Homestead Grays

Grassroots History: The Annual D.C. Baseball History Meeting

Washington Senators team stands on first baseline at RFK Stadium, April 5, 1971. (Photo by Marion S. Trikosko, U.S. News & World Report Magazine Photograph Collection at the Library of Congress)

It's pretty common for historical societies or universities to sponsor history conferences. They generally have budgets (albeit small ones) and staffs to put on events. But, the annual D.C. Baseball History Meeting is something different. Each February, almost all by himself, Mark Hornbaker creates a unique event for local baseball history enthusiasts.

On his own dime, Hornbaker brings different speakers — including former Washington Senators and Nationals players, authors and journalists — to town for a discussion of the history of the national pasttime in Washington. A packed room of 80 attendees come (for free!) to enjoy stories and share some of their own. We recently sat down with Mark to discuss this year's meeting, how he got interested in D.C. baseball history, and how he pulls off the event.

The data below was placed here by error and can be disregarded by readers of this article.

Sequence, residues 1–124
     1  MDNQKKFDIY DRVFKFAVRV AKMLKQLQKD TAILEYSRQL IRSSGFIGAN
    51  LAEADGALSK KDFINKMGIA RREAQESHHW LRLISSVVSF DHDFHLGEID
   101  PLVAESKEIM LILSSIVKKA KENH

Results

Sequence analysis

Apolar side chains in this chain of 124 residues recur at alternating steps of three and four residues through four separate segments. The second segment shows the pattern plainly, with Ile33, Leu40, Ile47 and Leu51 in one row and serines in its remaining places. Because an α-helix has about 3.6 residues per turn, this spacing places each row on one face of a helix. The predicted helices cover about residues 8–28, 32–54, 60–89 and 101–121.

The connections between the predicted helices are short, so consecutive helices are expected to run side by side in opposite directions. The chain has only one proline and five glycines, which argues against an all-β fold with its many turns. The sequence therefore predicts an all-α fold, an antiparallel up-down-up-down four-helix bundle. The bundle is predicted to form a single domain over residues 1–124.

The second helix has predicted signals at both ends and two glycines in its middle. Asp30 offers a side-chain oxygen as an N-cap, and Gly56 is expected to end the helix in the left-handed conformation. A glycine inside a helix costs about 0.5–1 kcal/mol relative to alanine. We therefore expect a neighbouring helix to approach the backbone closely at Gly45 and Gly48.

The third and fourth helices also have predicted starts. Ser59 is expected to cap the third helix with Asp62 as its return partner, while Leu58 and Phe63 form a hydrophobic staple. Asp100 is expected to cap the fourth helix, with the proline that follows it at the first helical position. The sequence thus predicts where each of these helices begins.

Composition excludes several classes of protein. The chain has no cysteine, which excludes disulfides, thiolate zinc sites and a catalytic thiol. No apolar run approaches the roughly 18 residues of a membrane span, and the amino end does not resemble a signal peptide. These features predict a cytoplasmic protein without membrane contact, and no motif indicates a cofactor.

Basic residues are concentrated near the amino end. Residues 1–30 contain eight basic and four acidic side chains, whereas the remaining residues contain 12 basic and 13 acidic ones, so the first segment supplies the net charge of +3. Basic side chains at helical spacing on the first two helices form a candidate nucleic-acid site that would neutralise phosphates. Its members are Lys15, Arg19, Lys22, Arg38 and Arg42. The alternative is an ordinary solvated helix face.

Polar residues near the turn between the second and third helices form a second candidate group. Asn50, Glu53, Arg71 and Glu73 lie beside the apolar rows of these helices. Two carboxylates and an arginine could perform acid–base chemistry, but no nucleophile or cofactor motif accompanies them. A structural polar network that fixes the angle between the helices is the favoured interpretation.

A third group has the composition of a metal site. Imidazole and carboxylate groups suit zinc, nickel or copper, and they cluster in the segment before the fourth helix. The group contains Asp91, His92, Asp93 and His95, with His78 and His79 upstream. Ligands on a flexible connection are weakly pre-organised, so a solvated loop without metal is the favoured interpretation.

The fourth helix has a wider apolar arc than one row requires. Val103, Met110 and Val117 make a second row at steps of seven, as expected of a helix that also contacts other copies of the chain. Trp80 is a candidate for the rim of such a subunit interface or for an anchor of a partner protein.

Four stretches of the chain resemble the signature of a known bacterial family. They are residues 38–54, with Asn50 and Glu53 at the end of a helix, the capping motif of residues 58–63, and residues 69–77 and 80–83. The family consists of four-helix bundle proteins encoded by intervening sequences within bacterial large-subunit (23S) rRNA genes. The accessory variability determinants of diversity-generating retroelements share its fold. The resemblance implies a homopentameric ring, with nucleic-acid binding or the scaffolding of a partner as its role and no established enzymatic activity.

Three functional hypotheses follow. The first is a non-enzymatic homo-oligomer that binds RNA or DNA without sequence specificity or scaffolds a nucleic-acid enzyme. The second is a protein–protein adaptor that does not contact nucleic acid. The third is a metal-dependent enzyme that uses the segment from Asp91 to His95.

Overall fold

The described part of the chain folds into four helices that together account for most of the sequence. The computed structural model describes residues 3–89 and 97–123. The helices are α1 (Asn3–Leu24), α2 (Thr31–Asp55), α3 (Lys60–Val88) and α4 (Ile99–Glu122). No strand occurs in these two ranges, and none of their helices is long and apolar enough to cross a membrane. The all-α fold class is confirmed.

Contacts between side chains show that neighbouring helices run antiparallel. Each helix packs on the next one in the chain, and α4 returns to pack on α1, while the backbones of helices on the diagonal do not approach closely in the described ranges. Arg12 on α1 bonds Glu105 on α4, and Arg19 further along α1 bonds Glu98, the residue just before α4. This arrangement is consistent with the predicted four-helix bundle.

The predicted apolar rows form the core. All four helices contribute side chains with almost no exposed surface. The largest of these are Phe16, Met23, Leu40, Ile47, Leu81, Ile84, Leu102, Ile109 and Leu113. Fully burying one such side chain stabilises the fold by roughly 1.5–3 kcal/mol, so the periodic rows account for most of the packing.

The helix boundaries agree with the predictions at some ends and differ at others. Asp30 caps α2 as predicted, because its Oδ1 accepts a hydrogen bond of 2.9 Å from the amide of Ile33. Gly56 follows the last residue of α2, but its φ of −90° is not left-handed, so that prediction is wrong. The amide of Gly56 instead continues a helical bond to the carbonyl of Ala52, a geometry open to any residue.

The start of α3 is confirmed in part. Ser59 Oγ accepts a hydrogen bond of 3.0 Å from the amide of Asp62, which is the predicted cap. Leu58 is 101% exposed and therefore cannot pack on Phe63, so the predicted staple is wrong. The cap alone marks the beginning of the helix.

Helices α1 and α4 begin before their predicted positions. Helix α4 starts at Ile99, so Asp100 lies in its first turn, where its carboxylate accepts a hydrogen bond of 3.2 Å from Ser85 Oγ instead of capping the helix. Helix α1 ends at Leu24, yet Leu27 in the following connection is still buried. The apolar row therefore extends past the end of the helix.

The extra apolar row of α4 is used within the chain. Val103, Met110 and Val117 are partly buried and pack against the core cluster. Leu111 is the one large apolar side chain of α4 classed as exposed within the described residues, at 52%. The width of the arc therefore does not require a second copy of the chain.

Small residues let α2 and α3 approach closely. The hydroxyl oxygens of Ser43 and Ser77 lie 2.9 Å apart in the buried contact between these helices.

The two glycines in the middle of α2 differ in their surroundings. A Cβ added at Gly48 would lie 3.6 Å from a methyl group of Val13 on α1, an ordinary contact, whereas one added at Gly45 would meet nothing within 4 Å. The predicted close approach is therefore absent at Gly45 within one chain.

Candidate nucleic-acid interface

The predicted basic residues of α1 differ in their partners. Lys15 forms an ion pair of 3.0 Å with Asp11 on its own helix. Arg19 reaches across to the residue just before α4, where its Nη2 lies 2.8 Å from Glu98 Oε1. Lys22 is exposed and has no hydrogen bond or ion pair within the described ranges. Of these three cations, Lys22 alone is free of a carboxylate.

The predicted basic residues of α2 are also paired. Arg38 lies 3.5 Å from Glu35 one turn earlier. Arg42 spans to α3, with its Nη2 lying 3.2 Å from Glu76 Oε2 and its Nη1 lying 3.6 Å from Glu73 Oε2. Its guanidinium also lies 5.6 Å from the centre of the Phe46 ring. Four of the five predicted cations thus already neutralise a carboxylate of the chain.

Jackie Robinson tied a National Negro League record by going 7 for 7 at the plate in a June 24, 1945 doubleheader against the Homestead Grays in Washington. (Photo source: Library of Congress, American Memory)

When Jackie Played Here

When you see the Jackie Robinson film, 42, it’s safe to assume there won’t be any scenes of Robinson’s Dodgers playing the Senators in Washington. That’s because it never happened, aside from maybe an exhibition game. The teams were in different leagues, so only a World Series would have had them square off. And, anyone who knows anything about baseball (or has seen Damn Yankees) knows the Senators were not exactly World Series material in the 1940s and 1950s.

But what you may not know is that Robinson actually did play in D.C. before he became a Dodger and it was a pretty big deal.